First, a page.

We’re on our way to Amsterdam today! Or as PC likes to call it: Hamster’s Dam… either way it means more driving.
But, before we left, we stopped at another village in the Rhine Valley to go to a Cuckoo Clock shop and a Beer Stein shop. Both of them were really neat! It was so cool to see all the craftsmanship that went in to any of these items. The Cuckoo Clock shop had dozens of clocks of different sizes, shapes (the cuckoo surrounded by leaves, a steeped-roof German cottage, or a flat roof Bavarian cottage), music, and themes (musician, wood-cutter, beer drinker, etc.). They also had the world’s largest free-hanging cuckoo clock outside the shop.
The Beer Stein shop had so many intricate and detailed designs on their steins! They had several steins themed by country, occupation, hobby, and many others. They also had steins from the Oktoberfests of the last couple decades. I saw occupation-themed steins for nurses, engineers, bus drivers, chimney sweeps, and the unemployed. There were steins that commemorated the fall of the Berlin Wall, and included pieces of the wall. (These are limited edition, because they are running out of wall.) They also had large animal horns made into beer mugs with metal decorations added. Some of them looked like dragons! But my favourite stein was the FIFA world cup stein, which (among many other details) included a large sphere that was half a football and half a globe. It was almost a meter tall and cost around €800!
After a long drive to the Netherlands, we stopped at the home of a cheese and clog maker, who was probably the happiest man in The Netherlands. He was very nice and super excited about what he made. He had just over a dozen cows on his property (which PC was very excited about). He told us about the cheese making process and said the flavouring was a secret family recipe. If you wanted to know it, you‘d have to marry his brother (which he does not recommend because, apparently, his brother is lazy). Then he showed us the wood carving and cutting process to made traditional Dutch clogs. He then gave us some samples of cheese and showed us to his shop so we could buy some souvenirs.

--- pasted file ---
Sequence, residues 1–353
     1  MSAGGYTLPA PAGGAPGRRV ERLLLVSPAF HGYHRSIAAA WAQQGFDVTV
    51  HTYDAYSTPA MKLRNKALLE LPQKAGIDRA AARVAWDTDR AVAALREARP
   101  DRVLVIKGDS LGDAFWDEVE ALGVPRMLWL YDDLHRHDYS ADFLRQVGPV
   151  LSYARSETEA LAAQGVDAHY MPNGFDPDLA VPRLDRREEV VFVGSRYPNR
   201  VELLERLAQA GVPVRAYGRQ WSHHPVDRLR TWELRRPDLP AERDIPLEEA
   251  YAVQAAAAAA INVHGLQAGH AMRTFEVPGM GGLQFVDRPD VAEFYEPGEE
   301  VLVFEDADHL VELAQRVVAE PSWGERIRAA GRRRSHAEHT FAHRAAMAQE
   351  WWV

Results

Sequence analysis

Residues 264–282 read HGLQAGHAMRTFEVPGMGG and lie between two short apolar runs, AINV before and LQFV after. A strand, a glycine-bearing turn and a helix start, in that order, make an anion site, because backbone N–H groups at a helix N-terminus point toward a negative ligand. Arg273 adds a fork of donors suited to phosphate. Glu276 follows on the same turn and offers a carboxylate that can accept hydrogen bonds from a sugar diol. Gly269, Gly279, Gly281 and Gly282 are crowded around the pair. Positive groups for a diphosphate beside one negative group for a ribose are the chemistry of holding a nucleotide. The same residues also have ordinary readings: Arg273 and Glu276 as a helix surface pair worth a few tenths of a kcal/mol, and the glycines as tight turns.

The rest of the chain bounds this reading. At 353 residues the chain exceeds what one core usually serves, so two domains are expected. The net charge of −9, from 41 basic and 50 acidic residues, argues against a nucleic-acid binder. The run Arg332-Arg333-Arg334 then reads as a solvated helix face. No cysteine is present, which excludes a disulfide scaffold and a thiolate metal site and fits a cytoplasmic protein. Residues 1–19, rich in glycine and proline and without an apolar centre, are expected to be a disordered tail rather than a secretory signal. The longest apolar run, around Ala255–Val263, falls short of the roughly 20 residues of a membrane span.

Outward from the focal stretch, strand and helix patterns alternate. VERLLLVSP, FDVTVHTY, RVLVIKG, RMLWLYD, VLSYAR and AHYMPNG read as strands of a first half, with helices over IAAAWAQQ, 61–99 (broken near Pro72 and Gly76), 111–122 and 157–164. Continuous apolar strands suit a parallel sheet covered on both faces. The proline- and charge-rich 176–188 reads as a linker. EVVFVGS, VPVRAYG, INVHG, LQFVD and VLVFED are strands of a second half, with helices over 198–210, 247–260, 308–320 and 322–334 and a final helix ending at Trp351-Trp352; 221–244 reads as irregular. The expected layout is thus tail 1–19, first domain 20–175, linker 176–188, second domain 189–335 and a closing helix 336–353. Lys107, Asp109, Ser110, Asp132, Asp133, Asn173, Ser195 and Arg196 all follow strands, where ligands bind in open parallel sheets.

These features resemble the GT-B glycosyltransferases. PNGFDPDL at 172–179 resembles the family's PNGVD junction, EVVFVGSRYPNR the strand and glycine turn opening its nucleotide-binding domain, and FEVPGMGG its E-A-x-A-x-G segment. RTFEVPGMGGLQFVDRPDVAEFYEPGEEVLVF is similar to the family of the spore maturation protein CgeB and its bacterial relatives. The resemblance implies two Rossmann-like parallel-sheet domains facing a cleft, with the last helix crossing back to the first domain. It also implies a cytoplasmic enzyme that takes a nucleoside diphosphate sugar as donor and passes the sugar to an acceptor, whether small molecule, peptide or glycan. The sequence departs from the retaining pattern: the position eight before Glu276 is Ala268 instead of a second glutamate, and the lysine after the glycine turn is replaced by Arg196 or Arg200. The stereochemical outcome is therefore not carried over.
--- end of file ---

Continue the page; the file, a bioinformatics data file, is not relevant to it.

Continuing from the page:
Once we were in Amsterdam, after we settled in to our hostel, we made our way to the city center via the tram system. The people on board did not look too impressed that 50 people suddenly all boarded in the same door. We had a nice tour of the shopping areas, local palaces, and landmarks. We learned that the Dutch are very literal. For example, the square that houses the dam is called Dam Square. After the tour, PC and I searched for food, only to eat in an Italian restaurant in Amsterdam. Nevertheless, the food was delicious! We finished of the evening with some sweets from a candy shop nearby and a tram ride home.